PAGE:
The Healthcare Safety Investigation Branch (HSIB) identified a patient safety risk caused by delays in diagnosing lung cancer. Lung cancer is the third most common cancer diagnosed in England, but accounts for the most deaths. Two-thirds of patients with lung cancer are diagnosed at an advanced stage of the disease when curative treatment is no longer possible, a fact which is reflected in some of the lowest five-year survival rates in Europe. Chest X-ray is the first test used to assess for lung cancer, but about 20% of lung cancers will be missed on X-rays. This results in delayed diagnosis that will potentially affect a patient’s prognosis.
The HSIB investigation reviewed the experience of a patient who saw their GP multiple times and had three chest X-rays where the possible cancer was not identified. This resulted in an eight-month delay in diagnosis and potentially limited the patient’s treatment options.
- sought to understand the context and contributory factors influencing a delay in lung cancer diagnosis in a patient repeatedly attending primary care with non-specific symptoms.
- identified the systemic factors that help or hinder the detection of lung cancer on chest X-rays.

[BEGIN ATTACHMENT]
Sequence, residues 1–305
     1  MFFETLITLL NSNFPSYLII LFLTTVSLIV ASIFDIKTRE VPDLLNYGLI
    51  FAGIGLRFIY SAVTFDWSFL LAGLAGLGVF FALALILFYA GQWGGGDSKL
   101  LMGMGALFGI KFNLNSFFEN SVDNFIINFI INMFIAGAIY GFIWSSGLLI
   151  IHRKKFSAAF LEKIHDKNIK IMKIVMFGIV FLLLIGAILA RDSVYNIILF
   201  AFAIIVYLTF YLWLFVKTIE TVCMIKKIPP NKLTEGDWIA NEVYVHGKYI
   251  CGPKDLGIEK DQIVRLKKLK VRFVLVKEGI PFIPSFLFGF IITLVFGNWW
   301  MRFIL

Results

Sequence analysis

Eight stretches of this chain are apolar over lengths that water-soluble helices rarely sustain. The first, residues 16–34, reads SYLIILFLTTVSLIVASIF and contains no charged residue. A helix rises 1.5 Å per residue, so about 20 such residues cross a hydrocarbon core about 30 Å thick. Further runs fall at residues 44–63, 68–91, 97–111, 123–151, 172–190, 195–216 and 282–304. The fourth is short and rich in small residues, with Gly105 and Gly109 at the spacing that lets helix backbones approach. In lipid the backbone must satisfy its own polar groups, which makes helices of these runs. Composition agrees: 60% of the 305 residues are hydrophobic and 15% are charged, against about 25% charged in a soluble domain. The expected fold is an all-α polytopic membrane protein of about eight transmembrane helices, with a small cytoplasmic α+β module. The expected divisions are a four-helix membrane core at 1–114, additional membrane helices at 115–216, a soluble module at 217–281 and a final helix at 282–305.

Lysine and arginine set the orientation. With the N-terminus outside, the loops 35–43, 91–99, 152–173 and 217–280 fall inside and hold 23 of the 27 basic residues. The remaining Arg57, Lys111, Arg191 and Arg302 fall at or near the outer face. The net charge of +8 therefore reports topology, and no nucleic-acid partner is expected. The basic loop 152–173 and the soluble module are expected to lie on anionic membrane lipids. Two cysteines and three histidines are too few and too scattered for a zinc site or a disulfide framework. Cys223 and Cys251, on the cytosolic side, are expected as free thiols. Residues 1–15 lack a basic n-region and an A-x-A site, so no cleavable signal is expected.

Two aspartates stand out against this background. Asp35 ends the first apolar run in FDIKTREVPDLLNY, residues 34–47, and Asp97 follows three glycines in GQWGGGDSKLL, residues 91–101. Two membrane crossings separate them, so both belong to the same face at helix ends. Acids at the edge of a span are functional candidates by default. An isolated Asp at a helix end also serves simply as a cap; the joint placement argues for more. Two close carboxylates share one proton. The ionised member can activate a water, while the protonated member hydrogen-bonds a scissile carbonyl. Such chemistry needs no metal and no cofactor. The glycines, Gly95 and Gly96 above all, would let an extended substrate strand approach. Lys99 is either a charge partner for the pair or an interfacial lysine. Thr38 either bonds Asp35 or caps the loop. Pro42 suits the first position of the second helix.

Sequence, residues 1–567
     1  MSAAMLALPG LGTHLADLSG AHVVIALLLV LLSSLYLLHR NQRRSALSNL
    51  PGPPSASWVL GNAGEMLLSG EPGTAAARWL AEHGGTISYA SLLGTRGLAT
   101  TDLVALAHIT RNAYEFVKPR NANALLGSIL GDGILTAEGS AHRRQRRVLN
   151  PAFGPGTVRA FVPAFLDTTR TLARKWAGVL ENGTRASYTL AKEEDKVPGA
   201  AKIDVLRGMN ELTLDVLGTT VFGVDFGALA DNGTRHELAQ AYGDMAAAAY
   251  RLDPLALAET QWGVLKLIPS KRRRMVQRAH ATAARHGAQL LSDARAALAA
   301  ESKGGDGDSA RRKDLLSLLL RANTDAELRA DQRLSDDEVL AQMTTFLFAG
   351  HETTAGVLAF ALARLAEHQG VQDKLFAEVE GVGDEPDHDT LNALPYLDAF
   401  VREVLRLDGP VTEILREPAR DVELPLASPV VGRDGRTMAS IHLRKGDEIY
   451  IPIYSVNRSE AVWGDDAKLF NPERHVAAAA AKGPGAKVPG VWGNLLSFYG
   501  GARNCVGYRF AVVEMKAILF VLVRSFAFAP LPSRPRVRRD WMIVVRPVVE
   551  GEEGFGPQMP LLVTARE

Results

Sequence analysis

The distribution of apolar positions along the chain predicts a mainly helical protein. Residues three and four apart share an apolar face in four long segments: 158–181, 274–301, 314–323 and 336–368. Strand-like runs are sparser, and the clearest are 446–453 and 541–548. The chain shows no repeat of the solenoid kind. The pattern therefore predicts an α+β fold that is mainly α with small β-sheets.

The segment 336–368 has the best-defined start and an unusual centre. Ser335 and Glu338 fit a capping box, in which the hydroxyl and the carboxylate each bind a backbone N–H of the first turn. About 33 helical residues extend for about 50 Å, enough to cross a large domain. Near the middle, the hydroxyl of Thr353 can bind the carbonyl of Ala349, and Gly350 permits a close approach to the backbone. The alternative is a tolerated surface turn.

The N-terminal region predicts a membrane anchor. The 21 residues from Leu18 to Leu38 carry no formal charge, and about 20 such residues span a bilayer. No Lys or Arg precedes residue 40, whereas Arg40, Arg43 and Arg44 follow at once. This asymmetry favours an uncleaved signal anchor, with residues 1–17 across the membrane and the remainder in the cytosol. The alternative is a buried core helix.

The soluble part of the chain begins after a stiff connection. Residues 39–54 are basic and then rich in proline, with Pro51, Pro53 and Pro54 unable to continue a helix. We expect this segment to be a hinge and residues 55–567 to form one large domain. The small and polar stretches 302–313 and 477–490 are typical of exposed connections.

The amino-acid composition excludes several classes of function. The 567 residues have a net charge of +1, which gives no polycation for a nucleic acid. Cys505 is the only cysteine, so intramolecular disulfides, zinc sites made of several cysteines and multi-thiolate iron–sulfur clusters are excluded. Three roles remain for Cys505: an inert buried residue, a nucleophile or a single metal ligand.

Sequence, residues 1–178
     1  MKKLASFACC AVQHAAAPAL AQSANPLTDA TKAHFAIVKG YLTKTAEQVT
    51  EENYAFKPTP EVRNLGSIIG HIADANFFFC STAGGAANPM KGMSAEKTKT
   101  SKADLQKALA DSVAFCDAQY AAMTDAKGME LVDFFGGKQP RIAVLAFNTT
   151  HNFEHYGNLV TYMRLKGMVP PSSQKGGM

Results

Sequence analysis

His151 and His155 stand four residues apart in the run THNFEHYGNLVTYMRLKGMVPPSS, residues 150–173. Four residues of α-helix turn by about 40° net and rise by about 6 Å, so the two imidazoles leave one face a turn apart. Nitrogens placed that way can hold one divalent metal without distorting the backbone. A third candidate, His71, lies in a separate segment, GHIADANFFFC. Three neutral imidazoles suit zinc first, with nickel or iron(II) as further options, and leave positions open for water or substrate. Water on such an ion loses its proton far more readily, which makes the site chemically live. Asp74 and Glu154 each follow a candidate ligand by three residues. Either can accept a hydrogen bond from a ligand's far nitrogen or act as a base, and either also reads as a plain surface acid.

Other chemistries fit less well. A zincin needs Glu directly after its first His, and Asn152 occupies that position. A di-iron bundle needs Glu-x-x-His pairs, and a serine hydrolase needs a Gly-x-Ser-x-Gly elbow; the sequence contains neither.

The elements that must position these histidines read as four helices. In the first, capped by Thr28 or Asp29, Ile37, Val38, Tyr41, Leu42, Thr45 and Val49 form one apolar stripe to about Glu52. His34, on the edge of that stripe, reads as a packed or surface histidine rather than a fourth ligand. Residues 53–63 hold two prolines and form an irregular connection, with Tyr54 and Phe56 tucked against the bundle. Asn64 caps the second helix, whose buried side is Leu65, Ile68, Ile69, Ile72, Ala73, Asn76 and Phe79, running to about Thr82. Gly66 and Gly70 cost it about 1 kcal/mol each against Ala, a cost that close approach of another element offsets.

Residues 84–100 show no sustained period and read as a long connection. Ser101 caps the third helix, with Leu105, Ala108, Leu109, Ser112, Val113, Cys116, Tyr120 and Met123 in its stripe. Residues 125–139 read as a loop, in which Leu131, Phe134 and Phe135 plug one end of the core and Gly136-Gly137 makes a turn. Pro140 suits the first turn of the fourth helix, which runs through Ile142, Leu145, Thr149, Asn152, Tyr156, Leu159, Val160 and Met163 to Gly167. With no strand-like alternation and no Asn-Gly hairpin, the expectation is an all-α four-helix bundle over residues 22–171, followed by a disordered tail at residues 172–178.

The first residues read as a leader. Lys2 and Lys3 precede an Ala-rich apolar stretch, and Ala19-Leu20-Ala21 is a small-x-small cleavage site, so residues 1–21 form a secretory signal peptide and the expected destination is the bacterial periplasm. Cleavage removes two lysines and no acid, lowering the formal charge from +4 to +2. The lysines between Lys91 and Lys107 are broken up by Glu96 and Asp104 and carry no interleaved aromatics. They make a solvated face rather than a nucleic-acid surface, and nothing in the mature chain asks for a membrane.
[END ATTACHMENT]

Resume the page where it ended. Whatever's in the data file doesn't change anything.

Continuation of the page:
- considered the utility of chest X-ray to assess for lung cancer in symptomatic patients being seen in primary care.
- identified the implications of the findings for mitigating the risk of delayed diagnosis of lung cancer.
- HSIB recommends that NHS England and NHS Improvement work with research partners to explore options for commissioning research to address whether low-dose computed tomography (CT) is clinically- and cost-effective for the diagnosis of lung cancer in symptomatic patients seen in primary care compared to chest X-ray.
- HSIB recommends that the National Institute for Health and Care Excellence (NICE) reviews its current safety netting advice to healthcare professionals with respect to the investigation of possible lung cancer. The wording of the advice should be amended as required to make it clearer what should be offered to patients with ongoing, unexplained symptoms who have had a negative chest X-ray.
- HSIB recommends that NHSX, in collaboration with relevant stakeholders such as The Royal College of Radiologists and The Society and College of Radiographers, develops guidance to support independent benchmarking and validation of artificial intelligence algorithms for the identification of lung diseases such as cancer.